The temperature ranges were chosen on the basis of the prescribed temperatures for environments where RBCs have to reside in natural circumstances. RBCs have to be preserved within an environment of 2.0 ºC up to 6.0 ºC at all times but might reside in environments of room temperature during transport or just before transfusion. The specification of the required accuracy concerning location data was inferred from the different activities that take place inside different hospital rooms, i.e. transport at corridors, storage inside storage rooms and transfusions at the OR and ICU. The specification of the required accuracy of the corresponding timestamps was to realize the generation of data about the whereabouts and conditions of RBCs as close to reality as possible.
Data Accuracy Tests in A Laboratory and Simulated Controlled Field Setting
Laboratory Setting: The RFID tags were tested on their generation of accurate location, time and temperature data in a laboratory setting first. Figure 1 displays the steps defined in the framework and to be taken in relation to the RFID data accuracy assessments to be performed. The accuracy of time and location data was tested with 15 randomly chosen tags of a total of 37 tags and 2 readers. To simulate a ‘gate’ way, we installed the 2 readers on one doorway. In testing the accuracy of the location and time data generated, test persons carried up to 15 tags in different positions through the gate. The accuracy of the temperatures generated by 17 tags, randomly chosen out of a total of 37, was tested in water baths with temperatures similar to temperatures of the environments where RBCs reside in real-life circumstances. These 17 tags were placed in water baths of stable predefined temperatures of 3.2ºC and 23.0ºC during periods of 2 and 6 hours respectively. The temperatures generated by these tags were compared to the temperature recordings of 3 official calibrated temperature data loggers. During the indicated periods of 2 and 6 hours, the water baths showed stable temperatures.
After the 2- and 6-hours’ time intervals, the temperature data were downloaded from the tags and compared to recordings of the three temperature loggers. Median values of temperatures were recorded and their ranges were calculated and analyzed. The values concerning the accuracy of the temperatures generated by 17 tags are displayed in Figure 3. During the second temperature test 13 tags randomly chosen out of a total of 37, were assessed for their accuracy concerning real-time temperature measurements and real-time broadcasts of temperature data. The tags were placed in water baths of stable pre-defined temperatures of 1.0, 2.0, 5.0, 12.0, 16.0, 23.0 and 37.0°C. After the tags reached a stable temperature, the temperature data generated and broadcasted by the 13 tags were read by a reader and compared to temperatures indicated by a quicksilver thermometer. Average values and their ranges were calculated and analyzed. The values concerning the accuracy of the temperatures generated by these 13 tags are displayed in Table 1.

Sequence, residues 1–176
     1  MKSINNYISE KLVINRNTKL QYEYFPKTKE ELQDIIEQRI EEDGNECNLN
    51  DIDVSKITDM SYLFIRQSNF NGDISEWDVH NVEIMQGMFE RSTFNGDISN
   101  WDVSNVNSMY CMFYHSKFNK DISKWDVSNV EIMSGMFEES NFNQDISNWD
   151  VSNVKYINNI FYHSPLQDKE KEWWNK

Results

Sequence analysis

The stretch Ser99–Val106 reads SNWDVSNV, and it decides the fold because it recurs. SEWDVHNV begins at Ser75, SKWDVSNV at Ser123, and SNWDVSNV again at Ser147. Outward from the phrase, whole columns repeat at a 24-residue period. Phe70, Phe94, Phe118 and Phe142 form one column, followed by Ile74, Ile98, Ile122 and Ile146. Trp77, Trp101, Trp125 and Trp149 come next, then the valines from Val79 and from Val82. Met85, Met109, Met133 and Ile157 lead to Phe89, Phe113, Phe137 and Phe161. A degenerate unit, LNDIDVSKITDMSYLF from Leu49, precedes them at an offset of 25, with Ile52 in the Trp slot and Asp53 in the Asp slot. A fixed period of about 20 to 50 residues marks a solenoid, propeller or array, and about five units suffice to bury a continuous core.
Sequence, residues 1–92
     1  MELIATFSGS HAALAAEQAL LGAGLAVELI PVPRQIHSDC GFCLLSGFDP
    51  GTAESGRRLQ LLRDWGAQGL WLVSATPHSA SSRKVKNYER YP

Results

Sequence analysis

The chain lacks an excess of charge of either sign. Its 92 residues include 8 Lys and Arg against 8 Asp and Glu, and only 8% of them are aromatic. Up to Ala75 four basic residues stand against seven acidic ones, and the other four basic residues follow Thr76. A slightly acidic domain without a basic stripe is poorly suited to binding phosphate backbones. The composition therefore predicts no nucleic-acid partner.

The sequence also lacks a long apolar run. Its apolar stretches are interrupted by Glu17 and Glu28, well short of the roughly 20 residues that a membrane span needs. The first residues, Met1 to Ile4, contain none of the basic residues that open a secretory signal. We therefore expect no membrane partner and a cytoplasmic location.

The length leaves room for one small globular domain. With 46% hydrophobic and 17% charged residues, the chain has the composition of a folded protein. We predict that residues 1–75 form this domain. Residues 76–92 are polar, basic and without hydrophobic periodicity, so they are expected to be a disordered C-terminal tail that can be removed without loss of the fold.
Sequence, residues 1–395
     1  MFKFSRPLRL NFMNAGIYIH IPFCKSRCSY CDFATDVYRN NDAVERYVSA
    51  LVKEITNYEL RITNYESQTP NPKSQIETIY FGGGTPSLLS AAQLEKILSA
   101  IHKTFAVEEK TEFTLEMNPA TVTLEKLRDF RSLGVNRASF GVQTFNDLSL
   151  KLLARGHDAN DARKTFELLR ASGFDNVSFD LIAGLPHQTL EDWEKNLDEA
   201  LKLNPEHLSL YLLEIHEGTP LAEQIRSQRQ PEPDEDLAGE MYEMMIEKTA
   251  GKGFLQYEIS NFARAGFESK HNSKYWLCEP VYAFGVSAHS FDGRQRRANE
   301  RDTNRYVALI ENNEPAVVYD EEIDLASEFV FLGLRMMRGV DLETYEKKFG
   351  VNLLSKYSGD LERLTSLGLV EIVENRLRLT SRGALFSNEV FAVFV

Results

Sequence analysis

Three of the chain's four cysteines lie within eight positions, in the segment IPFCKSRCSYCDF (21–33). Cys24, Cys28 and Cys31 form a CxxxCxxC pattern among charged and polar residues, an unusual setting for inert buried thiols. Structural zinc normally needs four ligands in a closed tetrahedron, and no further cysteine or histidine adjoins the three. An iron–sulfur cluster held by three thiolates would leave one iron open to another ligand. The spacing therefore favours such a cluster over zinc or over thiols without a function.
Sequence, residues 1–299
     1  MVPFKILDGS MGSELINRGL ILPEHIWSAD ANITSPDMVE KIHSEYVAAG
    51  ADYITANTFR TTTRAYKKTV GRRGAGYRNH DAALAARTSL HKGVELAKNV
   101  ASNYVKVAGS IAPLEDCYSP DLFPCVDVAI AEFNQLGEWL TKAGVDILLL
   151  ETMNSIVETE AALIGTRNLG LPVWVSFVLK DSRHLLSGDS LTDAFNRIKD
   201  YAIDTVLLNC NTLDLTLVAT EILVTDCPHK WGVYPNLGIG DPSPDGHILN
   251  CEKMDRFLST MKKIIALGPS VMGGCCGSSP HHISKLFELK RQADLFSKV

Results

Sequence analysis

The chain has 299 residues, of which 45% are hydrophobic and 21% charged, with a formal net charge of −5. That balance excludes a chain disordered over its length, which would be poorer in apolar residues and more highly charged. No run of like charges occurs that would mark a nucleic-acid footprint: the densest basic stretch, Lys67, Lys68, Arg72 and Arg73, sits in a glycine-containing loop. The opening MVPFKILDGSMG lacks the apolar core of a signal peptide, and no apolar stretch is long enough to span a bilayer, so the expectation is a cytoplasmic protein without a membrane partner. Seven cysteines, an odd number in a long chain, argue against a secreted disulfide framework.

Simulated Controlled Field Setting: Second, the accuracy of time stamp and location data generated by 10 tags randomly chosen out of a total of 37, and the entire RFID infrastructure was tested within a simulated controlled field setting. During 10 predefined test rounds data concerning time stamps and locations were recorded by hand and compared with the RFID data stored in the Oracle 10g database. Likewise, the temperature data of 16 tags randomly chosen out of a total of 37, were tested for their accuracy concerning their speed of adjustment to changing temperature circumstances in a controlled field setting. After the tags, placed on a table within the blood transfusion laboratory with an environment temperature of 23ºC, had reached a stable temperature, they were moved to a refrigerator with a temperature of 4ºC. The realtime data broadcasted by the tags were read by a reader every 8 minutes and compared to the recordings of an official calibrated temperature logger and the temperatures indicated by a quicksilver thermometer. Median values of temperatures were recorded, and their ranges were calculated and analyzed. The values concerning the speed of adjustments to changing temperature generated by these 16 tags are displayed in Figure 4.
Data Completeness Tests in A Real-Life Setting
During the larger research study, 37 temperature tags containing a temperature sensor were randomly attached to RBCs and used for tracking and tracing of the RBCs. Figure 2 displays the framework elaborating on the steps of the framework to be taken in relation to the RFID data completeness assessments to be performed. In total, 1.005 RBCs were reserved and dispersed for all patients undergoing surgery. Two hundred forty-three (243) of the RBCs were reserved for cardiothoracic surgery and tracked with an RFID tag. The main reasons that RBCs were not tagged, were
a) shortage of tags during the research study, because tags were still circulating outside the transfusion laboratory after being detached from the RBC before transfusion and were therefore not delivered in time for reuse and
b) shortage of time for attaching tags to RBCs in cases of large RBCs deliveries and emergencies. 4,6 million records with a total database size of 700 megabytes (MB) containing identification, time stamp, location and temperature data of 243 tracked RBCs were recorded in the Oracle 10g database and cleaned before performing the analyses.